August is the perfect time for boating, but sometimes the lakes can feel just a tad too busy. To get away from the crowd, launch your canoe or kayak and take a daytrip down one of Muskoka’s many excellent paddling rivers and streams.
You’ll be astonished at how quickly you can find yourself enjoying peace and quiet and solitude, just a few minutes paddle from town. And if you launch in a spot where there’s a waterfall or rapids between you and the big lake, you will find little or no motor boat traffic.
The Muskoka River is a great place to start. Just about the only really busy section is between Bracebridge and Lake Muskoka; the rest of the river is remarkably quiet.
The river is divided into the North Branch, which flows from Fairy Lake in Huntsville through Mary Lake in Port Sydney, and the South Branch, which runs south from Baysville. The two branches unite in Bracebridge.
You can launch just about anywhere on the river and enjoy great paddling, but one of the nicest, and most secluded sections is on the south branch between Fraserburg and Mathiasville. There are sections with lots of homes and cottages, but also some long stretches of forested banks, meandering sidestreams, and lovely oxbows. If you want to stay overnight, there are even a couple of designated campsites, which the town of Bracebridge maintains in a little canoe-access park. (The park is named for David Thompson, the famous explorer and map-maker, who paddled and mapped the river in the 1800s).
You can launch at the Mathiasville Dam, which is just off Highway 118 east, and paddle upstream, or drive out Fraserburg Road from Bracebridge and paddle downstream.
If Oxbows and sandy banks are your thing, then this Huntsville-area river is the place to go.
From the air, the river looks like a line squiggled by a demented four-year-old – squiggles and turns and not a straight section anywhere. On the water, that means there’s a new surprise around every bend.
It can be a bit busy near the mouth on Lake Vernon, but quickly becomes quiet and contemplative the farther upstream you go.
If you launch at Williamsport Bridge, you can paddle all the way down to Lake Vernon – the trip is detailed in this article from a few years ago. You can also go upstream, all the way into Algonquin Park. Although be warned that the river can get very shallow in the late season, so you may find yourself walking some sections.
In the 19th century, this was described as “one of the most natural curiosities of the Muskoka District,” a river so mirror-like that it perfectly reflected every detail of the overhanging trees and bushes.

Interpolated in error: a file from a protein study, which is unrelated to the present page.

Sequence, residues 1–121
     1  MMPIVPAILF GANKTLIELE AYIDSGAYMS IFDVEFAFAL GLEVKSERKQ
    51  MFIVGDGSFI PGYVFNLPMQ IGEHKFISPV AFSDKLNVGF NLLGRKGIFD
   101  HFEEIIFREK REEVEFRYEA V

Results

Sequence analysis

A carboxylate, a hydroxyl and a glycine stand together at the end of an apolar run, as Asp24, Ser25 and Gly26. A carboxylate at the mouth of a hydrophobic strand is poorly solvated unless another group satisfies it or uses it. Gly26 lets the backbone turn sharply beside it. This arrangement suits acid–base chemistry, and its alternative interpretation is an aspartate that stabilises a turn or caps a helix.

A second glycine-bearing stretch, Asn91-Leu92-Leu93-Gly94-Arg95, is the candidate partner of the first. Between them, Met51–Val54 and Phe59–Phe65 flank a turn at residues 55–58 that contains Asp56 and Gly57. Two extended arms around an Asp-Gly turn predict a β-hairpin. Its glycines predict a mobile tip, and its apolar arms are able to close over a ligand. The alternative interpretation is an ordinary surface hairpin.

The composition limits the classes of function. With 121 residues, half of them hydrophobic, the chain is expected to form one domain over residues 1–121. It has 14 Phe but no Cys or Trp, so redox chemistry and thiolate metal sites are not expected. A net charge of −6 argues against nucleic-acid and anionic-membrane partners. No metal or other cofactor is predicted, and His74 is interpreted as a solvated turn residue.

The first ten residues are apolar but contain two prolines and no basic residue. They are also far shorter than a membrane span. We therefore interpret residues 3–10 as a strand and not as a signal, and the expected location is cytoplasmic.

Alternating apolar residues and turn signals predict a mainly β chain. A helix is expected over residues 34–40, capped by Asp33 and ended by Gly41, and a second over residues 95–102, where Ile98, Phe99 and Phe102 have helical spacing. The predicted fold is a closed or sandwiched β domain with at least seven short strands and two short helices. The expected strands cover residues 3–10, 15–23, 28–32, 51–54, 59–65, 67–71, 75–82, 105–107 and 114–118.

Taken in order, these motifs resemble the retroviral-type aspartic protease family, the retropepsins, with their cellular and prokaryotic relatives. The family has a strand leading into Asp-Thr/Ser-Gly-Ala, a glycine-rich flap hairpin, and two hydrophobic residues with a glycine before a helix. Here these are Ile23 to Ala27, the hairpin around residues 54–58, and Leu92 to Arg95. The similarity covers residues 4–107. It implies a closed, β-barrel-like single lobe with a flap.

Poet Pauline Johnson wrote that the river makes you feel as though you’re “Midway twixt earth and heaven, a bubble in the pearly air.” Certainly the combination of dark water and a very slow current give this river some remarkable reflections.
The river empties into Lake Rosseau at the village of Rosseau, so you can start your trip right from the town docks. Like many of the smaller rivers here, the farther upstream you go, the more likely you are to hit dry sections in the late season. With all the rain we’ve had this year, though, paddling conditions should be better than usual for the late season.
Expect to encounter plenty of beaver dams, with wildlife-filled marshes behind each one. There are also some historic sites along the way, including a historic cemetery at Cemetery Chutes, several kilometres from the river’s mouth.
This is the most ambitious and longest route in Muskoka, a river that you can spend a week exploring and camping on. You can start as far east as Nine Mile Lake (near Torrance) and go all the way to Georgian Bay, if you wish. Or you can launch at Six Mile Lake Provincial Park, and do a loop out to the bay and back again.
For a day trip, either of these options are wonderful. You may also want to check out the Gibson River Provincial Park – there’s no camping or facilities of any kind here, but there are some lovely trails through the woods.
Be aware while paddling in west Muskoka that there are two potential hazards underfoot: poison ivy shows up here in more abundance than you’ll find it in other parts of Muskoka, and so do Massassauga Rattlesnakes. The snakes are very rare, and bites are even more rare, but they do happen – just watch where you step.
For more paddling adventures, pick up a copy of Hap Wilson’s excellent guidebook, Canoeing and Hiking Wild Muskoka. Beautifully illustrated and very informative.